In our Small Christian Community we often discuss how simple and straight forward Christ’s instructions are. How easy His directives are to understand. And despite this; how challenging they can be to follow and live. This week’s Gospel is a prime example. Jesus tells his disciples, and by extension each of us: “My children, I give you a new commandment: love one another. As I have loved you, so you also should love one another.”
Now, Christ’s love isn’t puppy-dogs, rainbows and unicorns. Christ’s love means putting the good of the other above your own. It’s sacrificial. It’s heroic. This is why I say discipleship is an action word. It’s not thinking. It’s doing… doing His will.READ MORE
Throughout the Easter season, our readings have given us glimpses into the life of the newborn Church and the bold witness of the early disciples in spreading the Good News of Jesus Christ to all who would listen. These disciples were the first to live a stewardship way of life and their example is as relevant today as it was 2,000 years ago.
In the First Reading, from the Acts of the Apostles, we catch up with Paul and Barnabas in Antioch. While they certainly have some success in reaching many people there with the message of salvation, others are downright infuriated by their words and send them packing. Yet, we read that “the disciples were filled with joy and the Holy Spirit.” Overall, it seems as if Paul and Barnabas had failed in Antioch. But this seeming failure has not robbed them of their joy. What’s more, they are filled to the brim with the abundant gifts of the Holy Spirit. How is this possible?READ MORE
You’re correct; technically, it’s not a verb but bear with me… As we move through the Easter season we see a transition in how the risen Christ instructs the disciples.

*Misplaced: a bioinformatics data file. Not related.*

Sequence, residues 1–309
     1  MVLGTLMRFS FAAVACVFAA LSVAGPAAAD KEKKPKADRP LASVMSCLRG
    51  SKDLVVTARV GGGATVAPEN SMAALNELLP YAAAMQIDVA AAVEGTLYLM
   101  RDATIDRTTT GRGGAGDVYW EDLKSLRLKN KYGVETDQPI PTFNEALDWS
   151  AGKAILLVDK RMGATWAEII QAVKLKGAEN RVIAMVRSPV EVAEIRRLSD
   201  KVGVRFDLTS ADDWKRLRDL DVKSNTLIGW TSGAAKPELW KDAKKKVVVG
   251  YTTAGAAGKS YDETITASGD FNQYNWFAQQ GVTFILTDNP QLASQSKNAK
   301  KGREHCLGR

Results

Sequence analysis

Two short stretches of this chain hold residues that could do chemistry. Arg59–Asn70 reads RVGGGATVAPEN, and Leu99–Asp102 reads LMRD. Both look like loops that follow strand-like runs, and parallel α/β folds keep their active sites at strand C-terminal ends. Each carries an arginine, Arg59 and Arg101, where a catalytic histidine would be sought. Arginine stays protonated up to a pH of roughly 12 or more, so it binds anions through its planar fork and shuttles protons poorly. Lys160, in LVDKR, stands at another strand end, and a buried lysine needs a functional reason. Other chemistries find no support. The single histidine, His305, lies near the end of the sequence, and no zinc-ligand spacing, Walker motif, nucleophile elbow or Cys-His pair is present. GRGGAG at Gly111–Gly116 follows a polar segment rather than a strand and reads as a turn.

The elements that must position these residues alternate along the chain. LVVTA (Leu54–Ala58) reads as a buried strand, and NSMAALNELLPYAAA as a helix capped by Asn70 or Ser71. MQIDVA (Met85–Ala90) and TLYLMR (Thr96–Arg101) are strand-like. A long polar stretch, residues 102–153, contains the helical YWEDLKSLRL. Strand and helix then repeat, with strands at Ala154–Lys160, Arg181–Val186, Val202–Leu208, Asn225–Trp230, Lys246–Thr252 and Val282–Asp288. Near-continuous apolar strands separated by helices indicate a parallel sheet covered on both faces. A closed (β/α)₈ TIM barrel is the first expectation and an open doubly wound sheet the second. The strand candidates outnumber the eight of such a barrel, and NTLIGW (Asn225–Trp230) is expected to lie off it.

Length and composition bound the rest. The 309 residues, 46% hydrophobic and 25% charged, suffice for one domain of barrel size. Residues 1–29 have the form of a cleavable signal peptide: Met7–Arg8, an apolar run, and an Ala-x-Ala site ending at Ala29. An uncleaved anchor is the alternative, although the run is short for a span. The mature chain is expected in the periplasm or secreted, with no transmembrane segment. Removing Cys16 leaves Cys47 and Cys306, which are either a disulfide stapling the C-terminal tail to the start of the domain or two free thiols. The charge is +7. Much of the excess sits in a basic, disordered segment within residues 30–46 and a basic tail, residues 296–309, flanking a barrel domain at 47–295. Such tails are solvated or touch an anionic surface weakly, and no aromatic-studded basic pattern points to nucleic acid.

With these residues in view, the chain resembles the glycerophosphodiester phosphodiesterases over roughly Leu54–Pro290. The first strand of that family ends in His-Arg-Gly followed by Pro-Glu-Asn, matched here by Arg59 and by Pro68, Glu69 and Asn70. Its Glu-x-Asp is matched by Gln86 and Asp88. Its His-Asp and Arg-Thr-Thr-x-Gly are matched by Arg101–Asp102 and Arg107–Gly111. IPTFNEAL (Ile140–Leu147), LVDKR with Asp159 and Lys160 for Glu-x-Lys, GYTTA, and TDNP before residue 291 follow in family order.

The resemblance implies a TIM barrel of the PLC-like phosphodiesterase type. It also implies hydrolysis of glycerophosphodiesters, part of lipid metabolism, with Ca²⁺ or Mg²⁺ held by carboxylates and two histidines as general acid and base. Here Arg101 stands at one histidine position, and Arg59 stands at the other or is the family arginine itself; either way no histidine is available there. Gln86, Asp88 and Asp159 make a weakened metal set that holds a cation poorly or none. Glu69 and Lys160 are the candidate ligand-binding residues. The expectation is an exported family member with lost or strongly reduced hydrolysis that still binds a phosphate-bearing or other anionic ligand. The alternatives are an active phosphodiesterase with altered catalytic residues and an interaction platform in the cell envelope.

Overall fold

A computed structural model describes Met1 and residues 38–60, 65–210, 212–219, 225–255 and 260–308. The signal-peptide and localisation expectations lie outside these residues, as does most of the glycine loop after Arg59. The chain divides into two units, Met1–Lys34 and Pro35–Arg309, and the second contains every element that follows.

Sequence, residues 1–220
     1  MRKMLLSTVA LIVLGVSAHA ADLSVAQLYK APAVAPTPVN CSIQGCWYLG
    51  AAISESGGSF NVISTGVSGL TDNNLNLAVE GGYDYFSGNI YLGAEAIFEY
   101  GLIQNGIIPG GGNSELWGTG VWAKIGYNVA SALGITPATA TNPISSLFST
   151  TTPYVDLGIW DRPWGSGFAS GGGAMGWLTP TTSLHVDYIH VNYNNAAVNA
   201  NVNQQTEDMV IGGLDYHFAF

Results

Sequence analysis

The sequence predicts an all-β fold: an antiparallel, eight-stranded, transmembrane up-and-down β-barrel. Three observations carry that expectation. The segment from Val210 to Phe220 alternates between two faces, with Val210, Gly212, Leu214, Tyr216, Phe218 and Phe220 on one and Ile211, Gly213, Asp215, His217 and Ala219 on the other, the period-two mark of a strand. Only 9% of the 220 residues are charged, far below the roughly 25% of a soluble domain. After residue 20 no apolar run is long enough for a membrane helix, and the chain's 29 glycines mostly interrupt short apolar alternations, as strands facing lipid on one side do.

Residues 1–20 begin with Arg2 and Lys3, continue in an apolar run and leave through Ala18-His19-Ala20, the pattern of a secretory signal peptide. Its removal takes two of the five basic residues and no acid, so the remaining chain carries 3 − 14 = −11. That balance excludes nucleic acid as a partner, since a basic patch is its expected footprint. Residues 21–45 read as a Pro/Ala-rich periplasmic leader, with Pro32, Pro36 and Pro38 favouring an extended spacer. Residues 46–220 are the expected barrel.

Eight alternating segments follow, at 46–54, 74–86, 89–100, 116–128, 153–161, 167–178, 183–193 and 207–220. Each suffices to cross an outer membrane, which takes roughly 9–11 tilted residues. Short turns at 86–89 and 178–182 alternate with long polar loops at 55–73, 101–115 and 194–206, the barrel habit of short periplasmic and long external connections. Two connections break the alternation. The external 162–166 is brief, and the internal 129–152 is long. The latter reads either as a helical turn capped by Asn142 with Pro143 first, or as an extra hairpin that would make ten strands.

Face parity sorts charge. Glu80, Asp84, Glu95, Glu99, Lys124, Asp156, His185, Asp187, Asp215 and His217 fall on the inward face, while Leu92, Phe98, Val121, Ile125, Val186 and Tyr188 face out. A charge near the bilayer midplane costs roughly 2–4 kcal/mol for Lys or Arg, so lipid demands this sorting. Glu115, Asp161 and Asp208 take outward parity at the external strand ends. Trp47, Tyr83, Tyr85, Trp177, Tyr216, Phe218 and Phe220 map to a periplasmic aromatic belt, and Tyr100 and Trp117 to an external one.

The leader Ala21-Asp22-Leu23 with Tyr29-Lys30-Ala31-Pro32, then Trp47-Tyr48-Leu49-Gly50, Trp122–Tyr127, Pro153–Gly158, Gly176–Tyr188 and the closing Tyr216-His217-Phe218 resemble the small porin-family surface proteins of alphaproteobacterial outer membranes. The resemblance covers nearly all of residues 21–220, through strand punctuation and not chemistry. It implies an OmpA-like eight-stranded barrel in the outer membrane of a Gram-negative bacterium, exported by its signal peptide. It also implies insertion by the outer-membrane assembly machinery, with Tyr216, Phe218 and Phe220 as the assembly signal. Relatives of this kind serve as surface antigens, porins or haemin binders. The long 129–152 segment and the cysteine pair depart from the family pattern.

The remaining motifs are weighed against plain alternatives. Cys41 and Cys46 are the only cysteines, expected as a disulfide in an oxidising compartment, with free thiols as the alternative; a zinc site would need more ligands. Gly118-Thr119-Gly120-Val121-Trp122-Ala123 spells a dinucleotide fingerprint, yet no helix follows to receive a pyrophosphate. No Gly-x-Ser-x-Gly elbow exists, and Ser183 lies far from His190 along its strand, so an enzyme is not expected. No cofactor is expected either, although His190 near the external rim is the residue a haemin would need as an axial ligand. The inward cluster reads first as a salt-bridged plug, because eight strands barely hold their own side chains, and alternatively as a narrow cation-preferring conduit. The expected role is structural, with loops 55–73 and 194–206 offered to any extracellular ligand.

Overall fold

The parables, metaphors and symbols have been replaced with clear directives. He "opened their minds to understand the scriptures" making known the connections between his own words and deeds and "everything written about [him] in the law of Moses and in the prophets and psalms."READ MORE
What does it take to believe that something is real? We live in an age of computer technology, with things like Photoshop and other programs that can enhance photographs, create realistic images, and mimic artistic renderings. When looking at a picture of something, we find ourselves wondering if what we are seeing is real or just the result of technological creativity.
Early believers came to believe because of what they witnessed in their new communities of faith. They saw people authentically living out Jesus' command to love and to show mercy. What do people witness when they see us in action? Would today's doubting Thomas' know we are Christian?READ MORE
Alleluia means "Praise God," in Ancient Hebrew, it means "Thanks be to God." Therefore, to be an Alleluia person means to be filled with praise and thanksgiving to God. A disposition of gratefulness and thanksgiving for everything… Because everything is grace: creatures, persons, events, thoughts, words, and deeds… all in life. To be a person who looks at another person, and in faith, in the spirit of God , says, "You are good and I thank God for you." Alleluia!!! Let us accept one another in the Spirit of the Risen Lord, believing that we can all rise up from the depths of our tomb (fall), and be an Easter person, Alleluia!, Thanks be to God.READ MORE
Following on with our Lenten theme, I thought I'd share a few thoughts on fasting. I'll attempt to paraphrase a short article "A Reflection on Lenten Fasting" by Rev. Daniel Merz which can be found on the USCCB website. In the early Church there were two fasts. One was the "total fast" that preceded all major feasts or sacramental events. It was a means of watching and waiting… preparing for something (Christ). The second fast was a fast of abstinence from certain foods, e.g., meats or fats. This was more an act of self-discipline and self-control. We're going to focus on the first which is generally referred to as fasting.READ MORE
Today starts our Holy Week Journey with the celebration of Palm Sunday. This week is like no other week in the Liturgical Calendar of the Church, a week filled with intense emotion and drama, all about the Son of Man who suffered greatly in the hands of men. He died an excruciating death and on the third day rose again to give us all new life. We journey with the greatest love story, Jn. 3:16 "God so loved the world, He gave us His only Son…" Jesus Christ our savior, His most precious one. We are loved so much, we are given the greatest HOPE, and we are invited to level up, to a new level of existence.READ MORE